"I didn't ask for his opinion," Diaz said. "It was very unwarranted." 

Diaz is currently in a relationship where he says his partner loves him at his current size. But during his single years, the bars were often unwelcoming to people of his size, he said. Diaz also said he's found refuge in the bear scene. But when he does enter mainstream spaces, he often has to arm himself with his own personal mantra.

"When I go back to bars on the west side in midtown [Manhattan], where I've felt uncomfortable, in my head, I have to say to myself, 'You're loved, you have an awesome partner, you have great friends, you're good,'" he said. "I walk into these clubs with that mentality, like 'I'm here to have fun.'"

Samuel Colón, 37 

Samuel Colón

Samuel Colón told me that he was able to be confident about his own body when he first went out into a mainstream gay space. His secret? He learned about his body as a straight man: He dated women until he was 21. According to Colón, living as straight let him operate without any problems with his weight. 

"When you date girls, it's not such a hang-up to be overweight," Colón told Mic. "I always find that weird, how gay men have such high standards, but in the heterosexual world, there isn't that pressure put on men." 

In fact, Colón was surprised the first time he stepped foot into a mainstream white gay bar. There was a pervading culture of slim body worship that turned him off. He said it wasn't until he dated a man of size that he learned about bear culture and body positivity within the gay community. 

"I'm the first guy to make a fat joke," Colón said. "Once you do that, you take the power away from somebody else. Now, it's not the elephant in the room anymore." 

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Colón said that his confidence with being his own weight has put him in a position to be a lot of people's "first fat experience." And, it also attracts a lot of what men of size would call "chubby chasers." As long as they're respectful, Colón is a fan. 

Colón described the first time he was with a person who appreciated his size. "I didn't have to keep my wife beater on," he said. "They insisted on seeing every crevice of my body. So I really felt like I was being made love to for who I was entirely and for more than just my sexual organs. To really make love to someone is to enjoy every single inch of them." 

Raul Quintero, 35

Raul Quintero

Raul Quintero spoke to me about what happens when the search for that feeling of being appreciated for your size can go to extremes. Quintero spent a few months in gainer and feeder culture, where men worship men with big bellies, and some go to extremes to gain weight. Quintero has seen videos of men eating lard and funneling gallons of milk into their partners' guts — because of a sexual attraction to bellies. Quintero, who is now on a fitness journey but used to weight about 270 pounds, told Mic that he went on these gainer-feeder sites in search of potential dates, but decided it wasn't for him.

He met men who brought him to restaurants just to share in the experience of watching him eat. With one man, Quintero made a list of restaurants where he wanted to eat in Los Angeles and his date would bring him there and watch him eat. "These guys, they loved my body, they loved my big fat belly," Quintero told Mic. "People weren't even into sex." 

Even within that world, Quintero said, there was pressure to look a certain way and he had been turned down for not being large enough.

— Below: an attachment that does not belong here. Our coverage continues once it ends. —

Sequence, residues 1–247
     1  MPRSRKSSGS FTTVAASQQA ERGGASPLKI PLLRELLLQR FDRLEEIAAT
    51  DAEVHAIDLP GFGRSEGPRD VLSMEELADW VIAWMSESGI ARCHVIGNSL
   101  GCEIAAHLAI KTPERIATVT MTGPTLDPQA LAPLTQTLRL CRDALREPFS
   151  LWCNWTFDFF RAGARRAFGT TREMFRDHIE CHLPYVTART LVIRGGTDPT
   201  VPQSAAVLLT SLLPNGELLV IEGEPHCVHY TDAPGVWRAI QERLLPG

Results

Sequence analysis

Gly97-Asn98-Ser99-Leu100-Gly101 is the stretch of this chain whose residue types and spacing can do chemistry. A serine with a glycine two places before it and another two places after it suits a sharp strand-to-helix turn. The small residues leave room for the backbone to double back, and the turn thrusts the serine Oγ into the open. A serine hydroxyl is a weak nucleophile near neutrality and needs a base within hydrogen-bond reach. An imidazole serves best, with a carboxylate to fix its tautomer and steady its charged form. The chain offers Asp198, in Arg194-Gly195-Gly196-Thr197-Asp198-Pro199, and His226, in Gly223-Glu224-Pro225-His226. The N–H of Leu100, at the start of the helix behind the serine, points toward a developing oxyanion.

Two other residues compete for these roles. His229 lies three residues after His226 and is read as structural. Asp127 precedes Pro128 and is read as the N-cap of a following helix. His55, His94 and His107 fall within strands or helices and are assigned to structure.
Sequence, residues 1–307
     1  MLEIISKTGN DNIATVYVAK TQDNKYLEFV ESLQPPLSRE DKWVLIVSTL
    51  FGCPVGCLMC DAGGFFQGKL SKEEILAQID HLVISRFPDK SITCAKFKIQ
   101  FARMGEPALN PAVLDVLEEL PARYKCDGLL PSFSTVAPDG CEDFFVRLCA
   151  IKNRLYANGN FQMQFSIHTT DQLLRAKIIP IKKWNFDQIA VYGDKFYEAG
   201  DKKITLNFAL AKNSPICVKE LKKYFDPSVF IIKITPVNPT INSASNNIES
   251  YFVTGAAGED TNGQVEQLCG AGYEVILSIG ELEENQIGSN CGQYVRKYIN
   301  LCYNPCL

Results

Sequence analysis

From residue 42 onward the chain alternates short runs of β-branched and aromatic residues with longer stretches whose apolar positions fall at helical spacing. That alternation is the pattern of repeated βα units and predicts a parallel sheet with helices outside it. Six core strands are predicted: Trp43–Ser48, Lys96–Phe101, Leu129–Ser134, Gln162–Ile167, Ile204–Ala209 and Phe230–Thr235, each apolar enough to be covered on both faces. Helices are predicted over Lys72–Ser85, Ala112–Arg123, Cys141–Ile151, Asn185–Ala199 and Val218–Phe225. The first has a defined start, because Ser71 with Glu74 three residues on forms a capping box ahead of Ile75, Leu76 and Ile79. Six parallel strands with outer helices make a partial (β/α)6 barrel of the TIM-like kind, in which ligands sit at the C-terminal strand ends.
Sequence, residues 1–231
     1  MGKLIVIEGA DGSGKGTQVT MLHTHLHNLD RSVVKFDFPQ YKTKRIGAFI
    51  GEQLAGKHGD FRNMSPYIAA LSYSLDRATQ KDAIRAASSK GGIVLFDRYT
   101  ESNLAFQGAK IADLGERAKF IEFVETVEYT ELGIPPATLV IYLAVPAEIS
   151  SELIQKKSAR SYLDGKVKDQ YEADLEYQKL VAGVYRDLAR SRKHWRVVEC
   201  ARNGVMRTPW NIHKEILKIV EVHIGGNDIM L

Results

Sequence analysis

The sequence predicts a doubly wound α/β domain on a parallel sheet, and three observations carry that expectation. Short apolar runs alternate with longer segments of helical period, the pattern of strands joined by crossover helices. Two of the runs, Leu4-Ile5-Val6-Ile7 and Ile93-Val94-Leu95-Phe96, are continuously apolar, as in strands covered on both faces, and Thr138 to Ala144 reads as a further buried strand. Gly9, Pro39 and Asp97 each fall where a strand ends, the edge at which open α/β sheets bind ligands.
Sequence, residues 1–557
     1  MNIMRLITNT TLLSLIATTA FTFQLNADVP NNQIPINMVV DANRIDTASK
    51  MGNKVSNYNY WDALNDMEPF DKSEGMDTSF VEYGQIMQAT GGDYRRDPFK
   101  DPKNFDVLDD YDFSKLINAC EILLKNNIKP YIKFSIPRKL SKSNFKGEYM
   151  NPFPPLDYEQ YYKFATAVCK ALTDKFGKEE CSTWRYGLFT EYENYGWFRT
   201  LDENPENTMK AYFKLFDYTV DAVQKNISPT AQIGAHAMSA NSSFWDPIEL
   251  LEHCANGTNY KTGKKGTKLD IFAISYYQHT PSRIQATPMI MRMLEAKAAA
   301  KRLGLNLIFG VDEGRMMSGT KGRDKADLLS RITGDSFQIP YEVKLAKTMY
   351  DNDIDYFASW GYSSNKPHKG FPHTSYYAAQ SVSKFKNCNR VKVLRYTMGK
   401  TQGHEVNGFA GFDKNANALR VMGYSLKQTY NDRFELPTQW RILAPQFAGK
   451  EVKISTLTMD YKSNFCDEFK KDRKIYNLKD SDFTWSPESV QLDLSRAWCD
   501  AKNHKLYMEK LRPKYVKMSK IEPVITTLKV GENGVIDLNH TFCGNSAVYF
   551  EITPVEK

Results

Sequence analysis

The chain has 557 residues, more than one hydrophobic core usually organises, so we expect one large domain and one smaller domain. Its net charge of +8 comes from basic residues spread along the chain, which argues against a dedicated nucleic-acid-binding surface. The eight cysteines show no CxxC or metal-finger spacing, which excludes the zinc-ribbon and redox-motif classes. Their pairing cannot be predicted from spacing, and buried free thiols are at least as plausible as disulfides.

Matthew Johnson, 32

Matthew Johnson told me that the fear of being overweight started at home. Comments from his family members, even his own mother, who is a fitness instructor, fueled this fear.

"The way she'd speak about people [who were overweight] was the way people might talk about someone who was a criminal or someone who was deathly ill," Johnson told Mic. This led to a fear of being fat in childhood. Even that his name rhymed with "fat" was a lot for Johnson to handle as a child. 

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Though Johnson said he would later find sexual partners who appreciated him for his size, it was still a fraught experience. His own problems with his weight didn't allow him to enjoy the experiences. Though Johnson describes himself as "bear adjacent," he credits experiences in the New York City bear community with a better body self-image. 

"That was something that definitely made me feel a lot better about myself," he said. "I understood how I could socially be my size. I wasn't just an erotic object."

Johnson said that, for a while, he refused to go into bars that weren't size-friendly. He'd only go to gay bars where he knew he wouldn't be the biggest person in the room, so that his tendency to compare his size with others wouldn't hinder him from having a good time. 

"Everyone would turn and look at me like, 'Oh, somebody got lost' or 'Are we getting raided?'" he said. "And I know that nobody was thinking this. They're not thinking about me. They're thinking about themselves, so I guess, you know, it took me a while, and now I can go to any gay bar and not really care." 

Yes, each story is unique. But each story is also wildly universal in regards to self- and society-produced fat anxiety. Physical weight is not always the problem — sometimes, it's the mental weight that accompanies it. 

That's the anxiety that I felt the day I got the request for a shirtless selfie. In the end, the man who received the text loved it — a lot. So whatever bundle of insecurities that flared up in my stomach was quelled for the moment. 

But there will come another time when I have to be naked in front of someone, or walk into a bar of unfriendly hotties or assert my sexuality as a man with a few extra pounds. And to get there, I only have one thing to shed — shame. 

Editor's note: Some people have chosen to withhold their full names to speak freely.